You say you've found yourself a cheap stock -- and congratulations for that! But doesn't it seem like it's a bit too cheap? Every value investor may eventually encounter the suspicion that a cheap stock may be a "value trap" instead -- one that's cheap for a reason and may never rise to fair value, despite an investor's fondest hopes.

These are stocks we want to avoid. To help with that, we've asked three of The Motley Fool's most risk-averse bargain hunters to suggest a handful of value stocks that will prove their worth over time. Here are the three value stocks our conservative investors came up with: Cisco Systems (CSCO -0.52%), GlaxoSmithKline (GSK -0.39%), and Allstate (ALL -0.63%).

Risk calipers

We'd like a cheap stock please -- but with small risk. Image source: Getty Images.

A mature tech stock with a dependable dividend

Leo Sun (Cisco): Cisco is one of the world's top manufacturers of routers and switches, and those two businesses generate almost half of its total revenue. But both are slow-growth businesses, due to the saturation of the networking-hardware market, competition from cheaper vendors, and the rise of software-defined networking (SDN) solutions that rely on cloud-based software instead of on-site hardware.

That's why analysts expect Cisco's revenue to dip 3% this year and for its earnings to grow less than 1%. That makes Cisco look like a weak investment. However, the company is aggressively expanding into higher-growth markets, like cybersecurity and wireless products, with big investments and acquisitions.

Cisco can apply plenty of cash to that inorganic growth -- it had a free cash flow of $12.7 billion over the past 12 months and it finished last quarter with $68 billion in cash and equivalents. Ninety-six percent of that total remains overseas, but if the Trump Administration lowers the U.S. corporate tax rate on repatriated profits, Cisco could bring that cash home for domestic acquisitions, buybacks, and dividends.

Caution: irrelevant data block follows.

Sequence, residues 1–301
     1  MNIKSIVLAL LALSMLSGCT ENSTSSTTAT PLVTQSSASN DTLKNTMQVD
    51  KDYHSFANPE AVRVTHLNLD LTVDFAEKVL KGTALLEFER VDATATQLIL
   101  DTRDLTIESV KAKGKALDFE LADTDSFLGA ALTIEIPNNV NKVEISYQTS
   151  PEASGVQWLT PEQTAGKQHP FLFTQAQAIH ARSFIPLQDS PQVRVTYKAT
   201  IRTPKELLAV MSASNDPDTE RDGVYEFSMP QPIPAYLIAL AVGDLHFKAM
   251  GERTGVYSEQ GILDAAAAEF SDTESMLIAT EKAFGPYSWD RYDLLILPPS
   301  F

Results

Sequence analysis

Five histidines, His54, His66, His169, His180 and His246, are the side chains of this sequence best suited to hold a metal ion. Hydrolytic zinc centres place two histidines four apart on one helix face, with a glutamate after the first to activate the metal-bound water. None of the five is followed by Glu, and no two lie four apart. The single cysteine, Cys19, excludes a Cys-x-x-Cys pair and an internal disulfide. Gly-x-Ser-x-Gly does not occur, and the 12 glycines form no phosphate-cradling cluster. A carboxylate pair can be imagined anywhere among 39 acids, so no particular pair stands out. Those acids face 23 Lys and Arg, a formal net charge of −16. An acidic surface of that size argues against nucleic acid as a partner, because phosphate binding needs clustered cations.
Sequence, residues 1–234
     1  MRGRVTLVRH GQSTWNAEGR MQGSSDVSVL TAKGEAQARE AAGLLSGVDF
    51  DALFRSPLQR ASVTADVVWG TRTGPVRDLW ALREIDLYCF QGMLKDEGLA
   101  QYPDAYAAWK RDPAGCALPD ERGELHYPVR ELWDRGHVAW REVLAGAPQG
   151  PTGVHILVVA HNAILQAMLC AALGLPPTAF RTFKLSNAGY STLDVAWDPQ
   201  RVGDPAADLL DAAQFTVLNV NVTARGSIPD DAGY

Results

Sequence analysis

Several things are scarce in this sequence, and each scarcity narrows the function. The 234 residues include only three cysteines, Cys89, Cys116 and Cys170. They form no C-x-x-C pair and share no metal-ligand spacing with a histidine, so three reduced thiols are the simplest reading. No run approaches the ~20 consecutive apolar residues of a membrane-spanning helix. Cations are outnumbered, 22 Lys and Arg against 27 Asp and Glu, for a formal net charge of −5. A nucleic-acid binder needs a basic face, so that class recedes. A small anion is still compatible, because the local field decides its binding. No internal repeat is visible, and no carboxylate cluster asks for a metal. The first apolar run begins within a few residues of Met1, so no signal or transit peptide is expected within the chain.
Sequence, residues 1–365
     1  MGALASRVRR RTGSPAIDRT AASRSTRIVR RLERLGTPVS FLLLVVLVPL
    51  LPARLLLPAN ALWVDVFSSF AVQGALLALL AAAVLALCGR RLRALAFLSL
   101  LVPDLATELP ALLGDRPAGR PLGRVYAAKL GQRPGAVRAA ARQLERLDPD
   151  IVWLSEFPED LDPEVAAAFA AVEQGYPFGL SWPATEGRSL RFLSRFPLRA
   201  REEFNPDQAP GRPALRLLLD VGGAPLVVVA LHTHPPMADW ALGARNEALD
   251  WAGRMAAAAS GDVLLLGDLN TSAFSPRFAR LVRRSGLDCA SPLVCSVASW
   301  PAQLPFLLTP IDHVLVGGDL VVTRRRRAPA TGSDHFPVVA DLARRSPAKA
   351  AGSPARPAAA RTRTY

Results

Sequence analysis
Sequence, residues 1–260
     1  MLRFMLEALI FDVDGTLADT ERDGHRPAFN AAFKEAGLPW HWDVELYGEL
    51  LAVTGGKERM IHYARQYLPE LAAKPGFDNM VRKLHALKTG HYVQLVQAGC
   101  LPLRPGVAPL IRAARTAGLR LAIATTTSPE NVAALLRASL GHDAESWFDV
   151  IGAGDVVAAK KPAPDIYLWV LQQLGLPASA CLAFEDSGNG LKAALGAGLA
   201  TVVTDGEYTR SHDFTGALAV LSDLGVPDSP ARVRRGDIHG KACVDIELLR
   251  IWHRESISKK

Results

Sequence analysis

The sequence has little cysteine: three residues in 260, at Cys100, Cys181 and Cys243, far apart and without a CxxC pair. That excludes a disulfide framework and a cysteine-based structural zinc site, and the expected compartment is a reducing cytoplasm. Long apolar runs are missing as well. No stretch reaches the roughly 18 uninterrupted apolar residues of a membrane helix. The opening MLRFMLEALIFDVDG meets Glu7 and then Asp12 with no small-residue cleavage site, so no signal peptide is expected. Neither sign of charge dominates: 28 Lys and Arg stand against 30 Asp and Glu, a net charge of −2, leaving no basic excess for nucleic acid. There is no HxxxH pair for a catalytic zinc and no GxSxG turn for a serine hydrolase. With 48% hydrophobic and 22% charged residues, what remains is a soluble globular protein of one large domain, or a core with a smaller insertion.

Cisco currently pays a forward yield of 3.7%, and it's raised that dividend every year since introducing it in 2011. The stock trades at just 16 times earnings, which is well below the industry average of 27 for communication equipment vendors. That high yield and low valuation should limit the stock's downside potential, making it a dependable play in today's frothy market.

Stability has finally arrived

George Budwell (GlaxoSmithKline): If you hate risk, the British pharmaceutical giant GlaxoSmithKline might be a good fit for your portfolio. After a turbulent couple of years where the company failed to produce an heir apparent to its blockbuster asthma drug Advair, Glaxo's fortunes appear to be changing for the better. Thanks to its pivot toward a broader approach to growth that's not entirely reliant on high-priced specialty medicines like Advair, and a renewed focus on improving margins across the board, this pharma stock appears to offer one of the safest routes to value creation within the industry.